In a matter of seconds, without anyone realizing it was happening, my world turned upside down. No longer was I a full-time career woman and a mum, I was just a mum. A stay-at-home mum. I had no idea how to even process this. It had never been in my plan or even on my radar.
As we know though, plans never turn out the way you want.
All of a sudden, I no longer had my career to define me. I was lost. Not only was I no longer working, but I was broken too, which made doing everything 1000% harder. I couldn’t keep my house up, I couldn’t cook dinner or bake treats anymore, what kind of stay-home mum was I then? I loved being able to be there for Q, to be the one who took him to preschool, then to elementary school. I was happy to be able to be there on the day he graduated preschool, and on his first day of Kindergarten. He has just started Grade 3 this year, and I’ve been there for every first day. Once he was in school full-time, though, where did that leave me? I loved all the extra family time, but if I’m honest I missed what felt like my purpose.
I clung tight to the belief that soon, soon I would be better. After the first surgery, after the hand therapy 3 times a week, after the full-time, 5 day a week for almost 6 months CRPS pain management program, after the 8 or so nerve blocks, after the second surgery, after the next 2 nerve blocks (that’s 10 if you are counting), after, after, after…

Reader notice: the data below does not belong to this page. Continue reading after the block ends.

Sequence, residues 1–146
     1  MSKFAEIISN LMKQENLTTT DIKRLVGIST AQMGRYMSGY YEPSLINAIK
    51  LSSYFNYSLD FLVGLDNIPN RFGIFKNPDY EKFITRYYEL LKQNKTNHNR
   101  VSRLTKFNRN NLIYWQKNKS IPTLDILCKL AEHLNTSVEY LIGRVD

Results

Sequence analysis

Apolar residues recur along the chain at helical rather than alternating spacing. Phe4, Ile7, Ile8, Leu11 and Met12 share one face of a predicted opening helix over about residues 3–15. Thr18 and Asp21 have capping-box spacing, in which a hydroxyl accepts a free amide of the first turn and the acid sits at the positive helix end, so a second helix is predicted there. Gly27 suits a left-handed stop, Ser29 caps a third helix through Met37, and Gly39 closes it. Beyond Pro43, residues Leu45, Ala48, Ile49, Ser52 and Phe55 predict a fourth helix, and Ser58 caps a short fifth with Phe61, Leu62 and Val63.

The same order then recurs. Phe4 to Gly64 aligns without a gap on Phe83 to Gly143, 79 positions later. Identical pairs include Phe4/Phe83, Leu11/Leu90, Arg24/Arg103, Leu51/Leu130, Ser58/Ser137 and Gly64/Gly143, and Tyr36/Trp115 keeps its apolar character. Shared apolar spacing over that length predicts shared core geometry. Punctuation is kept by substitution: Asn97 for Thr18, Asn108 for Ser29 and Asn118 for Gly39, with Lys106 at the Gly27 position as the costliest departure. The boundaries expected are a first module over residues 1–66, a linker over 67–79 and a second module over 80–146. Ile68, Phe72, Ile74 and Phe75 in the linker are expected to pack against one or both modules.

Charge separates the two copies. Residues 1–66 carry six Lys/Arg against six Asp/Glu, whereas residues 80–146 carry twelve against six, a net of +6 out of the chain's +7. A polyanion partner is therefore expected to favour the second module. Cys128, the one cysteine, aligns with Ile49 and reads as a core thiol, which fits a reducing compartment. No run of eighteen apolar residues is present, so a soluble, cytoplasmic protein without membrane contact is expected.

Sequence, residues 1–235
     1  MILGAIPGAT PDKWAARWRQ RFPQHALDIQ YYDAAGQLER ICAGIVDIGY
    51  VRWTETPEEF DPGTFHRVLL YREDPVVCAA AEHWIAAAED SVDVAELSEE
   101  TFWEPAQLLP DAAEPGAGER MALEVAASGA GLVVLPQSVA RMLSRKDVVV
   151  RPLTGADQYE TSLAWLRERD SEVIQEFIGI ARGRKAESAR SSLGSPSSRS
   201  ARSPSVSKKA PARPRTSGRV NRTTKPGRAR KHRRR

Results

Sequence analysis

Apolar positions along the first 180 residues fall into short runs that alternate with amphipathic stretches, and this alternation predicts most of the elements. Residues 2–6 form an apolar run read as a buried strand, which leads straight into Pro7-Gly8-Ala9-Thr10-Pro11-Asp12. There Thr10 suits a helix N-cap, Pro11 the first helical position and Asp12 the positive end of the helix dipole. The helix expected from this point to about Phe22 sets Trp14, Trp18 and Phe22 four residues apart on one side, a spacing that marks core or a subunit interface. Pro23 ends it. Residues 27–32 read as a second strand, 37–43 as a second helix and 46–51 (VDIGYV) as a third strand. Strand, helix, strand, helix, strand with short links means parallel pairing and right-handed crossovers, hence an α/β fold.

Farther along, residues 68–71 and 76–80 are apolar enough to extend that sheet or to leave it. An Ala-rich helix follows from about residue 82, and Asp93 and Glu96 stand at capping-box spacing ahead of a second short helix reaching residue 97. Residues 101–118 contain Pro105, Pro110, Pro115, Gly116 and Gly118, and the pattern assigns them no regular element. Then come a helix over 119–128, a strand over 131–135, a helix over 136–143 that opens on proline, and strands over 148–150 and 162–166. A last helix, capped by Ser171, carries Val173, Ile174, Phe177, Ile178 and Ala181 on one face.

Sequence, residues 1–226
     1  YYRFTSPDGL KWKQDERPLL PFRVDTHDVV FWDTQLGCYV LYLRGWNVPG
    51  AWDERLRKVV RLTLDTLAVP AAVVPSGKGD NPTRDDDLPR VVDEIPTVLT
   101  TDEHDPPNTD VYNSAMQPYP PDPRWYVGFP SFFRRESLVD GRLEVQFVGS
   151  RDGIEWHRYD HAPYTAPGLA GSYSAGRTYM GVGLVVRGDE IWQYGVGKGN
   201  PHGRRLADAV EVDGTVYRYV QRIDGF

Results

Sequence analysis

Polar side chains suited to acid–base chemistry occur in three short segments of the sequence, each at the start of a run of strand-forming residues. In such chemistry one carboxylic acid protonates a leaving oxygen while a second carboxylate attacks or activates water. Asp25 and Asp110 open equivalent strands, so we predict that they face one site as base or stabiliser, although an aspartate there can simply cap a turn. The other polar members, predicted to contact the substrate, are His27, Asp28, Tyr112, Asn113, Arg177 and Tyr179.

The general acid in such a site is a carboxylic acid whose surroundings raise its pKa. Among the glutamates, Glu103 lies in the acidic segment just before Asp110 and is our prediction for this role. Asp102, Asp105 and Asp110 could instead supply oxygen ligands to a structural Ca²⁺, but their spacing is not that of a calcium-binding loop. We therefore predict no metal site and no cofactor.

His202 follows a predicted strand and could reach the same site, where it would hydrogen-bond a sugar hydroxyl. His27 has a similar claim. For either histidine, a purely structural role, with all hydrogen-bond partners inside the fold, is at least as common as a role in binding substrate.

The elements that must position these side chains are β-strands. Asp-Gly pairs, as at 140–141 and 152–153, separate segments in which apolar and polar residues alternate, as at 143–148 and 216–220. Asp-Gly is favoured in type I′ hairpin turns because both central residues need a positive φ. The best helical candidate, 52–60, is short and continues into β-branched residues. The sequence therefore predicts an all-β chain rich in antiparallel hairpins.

But after never came.
Managing my CRPS became like a full-time job. Between physio, doctors, massage therapy, and more doctors, I was on the go most days of the week. I didn’t sleep much, I couldn’t use my hand, for when I tried, I was rewarded with a fire so hot it would melt the sun running through my hand and arm. My collegues had long drifted away and my friends were starting to as well. I was at home, with my kid or at medical appointments. I was isolated, heartbroken and felt so very alone.
I fell apart.
I was diagnosed with depression. I started seeing a psychologist, who brought all of these feelings, the ones I had tried to jam down deep into the recesses of my brain, the things I did not want to admit even to myself, let alone talk about, to the surface. It was hard. I had been putting on a good face, a strong face, for so long, convincing myself that how things were turning out was for the best, that I didn’t need a career or even a job to be successful, that it almost felt real.
But when she pressed, and dug, and hooked in, the truth came out.
I felt like a failure.
How in the hell could I ever be any kind of success? My body had failed me, I continually let my family down, I wasn’t even a good stay-at-home mum. My blog suffered and I felt like I had nothing valuable to contribute, or say, and that I wasn’t good enough so why bother. The voices in my head were cruel. I felt like I had no purpose. For me a good day was getting Q up, feeding him and making sure his lunch was packed, and getting to school before the second bell rang. The doctors appointments and treatment days were all a blur of sameness. What kind of success was that?